2010年08月16日

他のと重複する情報ですが

1995/8/27, posted by Joseph H. Peterson

Kelley introduced himself to Dee on March 8, 1582 (old calendar) under the assumed name of Edward Talbot. He gave Dee his real name prior to November 15 after an apparent falling out of 6 months duration. The treasure map was delivered to Dee on March 22, 1583. Kelley told Dee (see pg 125 of my 1985 edition) that he had found it in Northwil Hill along with a boke (Book of St. Dunstan) and an alchemical powder. Dee was very worried about getting into trouble with the law if he went around digging for the treasures, and was therefore instructed by the spirits to bring back samples of earth from the locations revealed in the scroll, wherewith they would produce the treasures magically. Kelley went off on this errand on May 10 and returned May 22. However, the spirits never did produce the promised treasure.

Note also that one of Dee's first questions of the spirits at their March 1st session ("action") was how he read a mysterious book he had come to possess. This line of query continued and remained unsatisfied as far as I can tell from his manuscripts. He called this mysterious manuscript Soyga and told the spirits, "Oh, my great and long desyre hath byn to be hable to read those Tables of Soyga." (pg 12 of my 1985 edition)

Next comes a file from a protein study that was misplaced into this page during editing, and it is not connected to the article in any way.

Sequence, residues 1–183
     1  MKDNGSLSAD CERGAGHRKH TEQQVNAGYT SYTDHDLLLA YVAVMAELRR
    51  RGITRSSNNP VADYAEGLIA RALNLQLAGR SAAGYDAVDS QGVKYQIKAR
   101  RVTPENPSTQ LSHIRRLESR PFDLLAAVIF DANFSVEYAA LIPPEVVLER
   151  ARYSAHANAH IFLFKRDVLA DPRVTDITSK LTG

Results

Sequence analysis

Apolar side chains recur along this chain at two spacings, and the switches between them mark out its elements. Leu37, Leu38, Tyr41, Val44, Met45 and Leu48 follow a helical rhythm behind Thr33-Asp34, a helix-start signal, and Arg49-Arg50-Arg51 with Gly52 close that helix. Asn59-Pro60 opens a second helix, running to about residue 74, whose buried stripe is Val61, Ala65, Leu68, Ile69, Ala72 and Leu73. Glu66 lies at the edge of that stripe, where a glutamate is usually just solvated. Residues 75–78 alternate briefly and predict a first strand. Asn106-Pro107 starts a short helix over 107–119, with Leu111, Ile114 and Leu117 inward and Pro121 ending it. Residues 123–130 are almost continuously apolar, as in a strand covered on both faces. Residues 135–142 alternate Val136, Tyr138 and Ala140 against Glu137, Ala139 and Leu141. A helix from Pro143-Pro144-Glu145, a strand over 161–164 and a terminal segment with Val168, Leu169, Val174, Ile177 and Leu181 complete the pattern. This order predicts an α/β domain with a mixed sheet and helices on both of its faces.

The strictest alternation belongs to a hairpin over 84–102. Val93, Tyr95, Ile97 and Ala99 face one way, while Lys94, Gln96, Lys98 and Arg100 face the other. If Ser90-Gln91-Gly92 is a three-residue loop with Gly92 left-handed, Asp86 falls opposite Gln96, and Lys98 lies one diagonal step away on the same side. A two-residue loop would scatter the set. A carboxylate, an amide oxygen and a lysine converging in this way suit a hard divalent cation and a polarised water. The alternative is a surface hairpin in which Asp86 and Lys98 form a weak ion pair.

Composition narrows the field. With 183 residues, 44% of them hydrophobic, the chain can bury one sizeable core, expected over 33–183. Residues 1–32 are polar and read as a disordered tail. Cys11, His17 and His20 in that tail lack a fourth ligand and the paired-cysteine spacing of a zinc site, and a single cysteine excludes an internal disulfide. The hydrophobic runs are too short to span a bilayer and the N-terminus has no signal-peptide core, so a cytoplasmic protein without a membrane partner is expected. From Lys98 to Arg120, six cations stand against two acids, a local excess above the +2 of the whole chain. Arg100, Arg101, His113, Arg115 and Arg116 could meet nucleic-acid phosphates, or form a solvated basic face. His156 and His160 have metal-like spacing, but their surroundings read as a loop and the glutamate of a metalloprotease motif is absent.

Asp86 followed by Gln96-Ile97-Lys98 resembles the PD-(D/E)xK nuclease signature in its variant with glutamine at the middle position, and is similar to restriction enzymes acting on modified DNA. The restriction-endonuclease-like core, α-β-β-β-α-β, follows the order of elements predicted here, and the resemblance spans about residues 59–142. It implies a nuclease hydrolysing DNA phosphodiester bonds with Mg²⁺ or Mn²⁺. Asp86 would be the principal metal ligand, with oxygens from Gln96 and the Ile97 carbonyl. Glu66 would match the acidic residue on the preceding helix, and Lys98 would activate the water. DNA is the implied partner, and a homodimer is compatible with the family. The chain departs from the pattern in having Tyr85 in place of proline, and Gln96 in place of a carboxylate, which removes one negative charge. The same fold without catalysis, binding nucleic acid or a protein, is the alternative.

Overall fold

posted by ぶらたん at 23:15| Comment(0) | John Dee

未知の文字+未知の言語で解読された例はこれまで一つもない。

1995/08/09, posted by Mike Roe

``The Decipherment of Linear B''
John Chadwick
Cambridge University Press, 1958

``Breaking the Maya Code''
Michael D Coe
Published by Thames and Hudson, 1992


The Mayan script and calendar system is a very interesting distraction, even if it isn't particularly relevant to the Voynich MS.

Both of these books explain that you can estimate whether a script is alphabetic, syllabic or logographic from the number of symbols it uses. Based on the small number of symbols it uses, the Voynich MS appears to be an alphabetic script. Linear B is syllabic, while Mayan is partly logographic and partly syllabic. Many of the specific techniques used in deciphering Linear B or Mayan aren't applicable to alphabetic scripts (which we hypothesize the Voynich MS to be).

It is worth noting that the decipherment of both Linear B and Mayan depended on the decipherers knowing a relative or descendant of the underlying language. (Greek and Yucatec respectively). As far as I know, no combination of unknown script + unknown language has *ever* been solved.